A historic Conference aimed at influencing policy making and implementation of strategies to promote gender mainstreaming in the water sector was held from 3 – 7 November 2014 in East London, South Africa.
The Gender and Water Conference which was attended by about 400 delegates was hosted by the Water Research Commission together with South Africa’s Department of Water Affairs, the African Ministers’ Council on Water (AMCOW), the Women for Water Partnership (WfWP) and the Southern African Development Community (SADC).
In her opening remarks South Africa’s Minister of Water and Sanitation Hon. Nomvula Mokonyane called on the conference to address the plight of women who spent early mornings fetching water and sometimes experienced abuse in the process.
Delegates to the conference included representatives from grassroots groups, civil society, development agencies, academia, and water governance and management institutions from each of the five sub-regions of Africa.
SADC secretariat was represented by staff from the Water Sector and the Gender Unit who participated in chairing sessions and made two presentations highlighting the existing gender mainstreaming policy frameworks within the SADC region, and SADC’s interventions to mainstream gender in transboundary water management in the region.
Head of the SADC Gender Unit Mrs Magdeline Madibela said SADC recognised that gender equality was at the core of achieving the vision of a common future hence mainstreaming gender was compulsory in all SADC businesses.
Senior Programme Officer in the SADC Water Sector Mr Phera Ramoeli told the conference that a project on mainstreaming gender in transboundary water management was currently being implemented as one example of the SADC’s contribution to realize gender mainstreaming in the water sector.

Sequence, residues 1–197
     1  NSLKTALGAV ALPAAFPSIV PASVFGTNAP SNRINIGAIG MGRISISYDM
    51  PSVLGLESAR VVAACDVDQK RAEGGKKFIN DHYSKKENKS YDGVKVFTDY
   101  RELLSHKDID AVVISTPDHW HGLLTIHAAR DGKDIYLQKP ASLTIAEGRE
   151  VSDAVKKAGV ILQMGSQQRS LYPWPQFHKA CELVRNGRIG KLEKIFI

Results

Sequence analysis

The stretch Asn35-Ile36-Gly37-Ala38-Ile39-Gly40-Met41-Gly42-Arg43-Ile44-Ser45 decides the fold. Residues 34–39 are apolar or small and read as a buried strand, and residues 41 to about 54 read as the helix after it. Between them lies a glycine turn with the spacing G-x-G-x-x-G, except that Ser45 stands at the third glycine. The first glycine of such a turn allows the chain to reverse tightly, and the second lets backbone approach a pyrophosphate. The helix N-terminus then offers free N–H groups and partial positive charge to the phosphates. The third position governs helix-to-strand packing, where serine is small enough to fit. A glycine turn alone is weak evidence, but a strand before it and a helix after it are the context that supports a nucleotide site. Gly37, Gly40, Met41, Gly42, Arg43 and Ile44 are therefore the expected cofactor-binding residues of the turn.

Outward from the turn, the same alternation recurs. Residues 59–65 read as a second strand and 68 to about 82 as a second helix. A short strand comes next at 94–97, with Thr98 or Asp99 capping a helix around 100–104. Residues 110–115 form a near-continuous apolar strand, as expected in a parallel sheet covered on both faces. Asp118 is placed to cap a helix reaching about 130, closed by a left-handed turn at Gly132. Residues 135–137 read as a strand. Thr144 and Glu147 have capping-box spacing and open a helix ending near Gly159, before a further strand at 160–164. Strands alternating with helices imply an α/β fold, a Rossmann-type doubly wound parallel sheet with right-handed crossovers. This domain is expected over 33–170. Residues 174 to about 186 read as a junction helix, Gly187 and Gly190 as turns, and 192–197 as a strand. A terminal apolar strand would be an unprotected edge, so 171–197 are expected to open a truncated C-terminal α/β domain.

During the conference, the African Ministers with responsibilities for water, sanitation, environment and development, held a one day session where they concluded with a declaration committing themselves to accelerate the implementation of the AMCOW policy and strategy for mainstreaming gender in the water sector in Africa by:
• establishing or strengthening national-level Gender and Water Desks as well as a functional Gender Unit within the AMCOW Secretariat by 2015;
• establishing national targets and a monitoring and evaluation framework for each of the seven pillars of the AMCOW gender policy and strategy, including sex-disaggregated indicators for the African context by 2016;
• reporting annually to AMCOW on progress on each of the seven pillars of the policy and strategy;
• harmonizing the reporting on the AMCOW gender strategy with other gender-inclusive reporting commitments and;
• proposing to AMCOW to introduce a Gender Day during the bi-annual Africa Water Week from 2016 onwards.
The AMCOW policy and strategy for mainstreaming gender in the water sector has the following seven objectives which should be pursued concomitantly by member states and water authorities:
• Policy positions on gender in the water sector in Africa supported and strengthened through policy formulation and implementation.
• Adequate human and financial resources allocated to gender mainstreaming through strategic resource mobilisation activities.
• Gender approach to implement project interventions at all levels within the water sector, including economic empowerment through equal access to water for productive purposes developed and adopted.
• Strategic research and collection of operational information on gender undertaken, produced, shared and used by stakeholders to inform evidence based responses.
• Human and institutional capacity developed to support gender equality interventions at all levels.
• Mechanisms to promote cooperation and coordination to mainstream gender in the water sector strengthened.
• Monitoring and Evaluation system and indicators to support gender equality interventions in the water sector developed and implemented.